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The Quebec government is moving to ban the declawing of cats and other non-essential procedures by this summer, CBC News has learned.
In an internal letter obtained by CBC News, Agriculture Minister André Lamontagne said the government is working on draft legislation to ban devocalization, tail docking, declawing and ear cropping of cats and dogs.
The only exception will be when the procedure is deemed medically necessary by a veterinarian.
In the letter, Lamontagne said the amendment to the province’s Animal Welfare and Safety Act is currently being written, following consultations that were held last December.
In a statement, the province’s Ministry of Agriculture, Fisheries and Food (known by its French acronym MAPAQ) said the current law had “no specific regulation” on these procedures, though it formally recommended against them.
“A new draft regulation including welfare standards for companion animals, including cats and dogs, is being developed,” it confirmed to CBC.
“Like any development of draft regulations, the MAPAQ takes into account the latest scientific advances … to propose guidelines,” it said.
The news comes after a petition demanding the end of the practices, submitted to the National Assembly in February, obtained nearly 22,000 signatures.
A big step for animal welfare
Alexandra Yaksich, the Montreal-based animal health technician who started the petition, said she was overwhelmed with emotion when she heard the news.
“I know this is something that seems small to a lot of people, but it’s really not,” she said.
Though the Quebec Order of Veterinarians banned tail docking and ear trimming in 2017, it was not entrenched in law.
Yaksich said she would often see cats and even young kittens who had already been declawed elsewhere showing up at vet clinics where she works.
“It’s not just taking off the claw, it’s the amputation of the tip of the finger,” she said. “That has all kinds of effects.”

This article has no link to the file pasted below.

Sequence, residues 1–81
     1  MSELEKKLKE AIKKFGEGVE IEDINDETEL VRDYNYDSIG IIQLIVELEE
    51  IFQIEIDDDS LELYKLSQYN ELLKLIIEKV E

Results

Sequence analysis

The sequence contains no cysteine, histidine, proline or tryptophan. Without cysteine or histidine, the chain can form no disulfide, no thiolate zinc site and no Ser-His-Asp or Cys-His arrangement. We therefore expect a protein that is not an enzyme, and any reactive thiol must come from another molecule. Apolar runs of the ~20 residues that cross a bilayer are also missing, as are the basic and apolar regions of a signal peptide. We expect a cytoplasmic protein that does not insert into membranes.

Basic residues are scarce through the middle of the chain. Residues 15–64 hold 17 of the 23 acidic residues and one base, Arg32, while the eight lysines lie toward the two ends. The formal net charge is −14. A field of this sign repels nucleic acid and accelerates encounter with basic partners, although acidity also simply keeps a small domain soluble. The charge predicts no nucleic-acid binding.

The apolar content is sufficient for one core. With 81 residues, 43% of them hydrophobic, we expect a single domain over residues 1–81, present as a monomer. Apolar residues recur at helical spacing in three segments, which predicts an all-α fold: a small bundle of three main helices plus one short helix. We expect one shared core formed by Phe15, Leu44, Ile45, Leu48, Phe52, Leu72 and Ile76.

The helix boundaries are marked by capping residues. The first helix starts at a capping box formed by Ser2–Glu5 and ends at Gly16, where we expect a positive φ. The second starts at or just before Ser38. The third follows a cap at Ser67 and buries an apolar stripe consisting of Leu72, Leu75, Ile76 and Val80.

Yaksich said she started her campaign in January 2021, “by myself, in my little apartment,” by reaching out to the government to ask about the process of getting the law changed.
She then went to her local representative, Notre-Dame-de-Grâce MNA Kathleen Weil, who supported her in starting the official petition process. It had 21,652 signatures when it was formally submitted.
“[People said,] ‘Oh my God, I had no idea this was happening,’ or they thought that it had already been banned,” Yaksich said. “It definitely seemed like as soon as the public was actually aware that this was the problem, they were completely on board with stopping it.”
“It just goes to show you how much our culture has changed with respect to animals,” she said.
Yaksich said she had been determined to make sure the law was changed, one way or another, but said learning it was actually happening was an overwhelming moment.
“To see it finally culminate and manifest into something practical that I’m able to accomplish, it’s just — it’s so surreal still,” Yaksich said. “I’m very happy.”
Montreal SPCA applauds decision
The province’s veterinary order, the veterinary association, as well animal advocacy groups Anima-Québec and the province’s association of SPCAs were all consulted, according to Lamontagne’s letter.
The Montreal SPCA applauded the government’s decision in a statement Wednesday, saying it had been working for “several years to make declawing and other non-therapeutic surgeries a thing of the past.”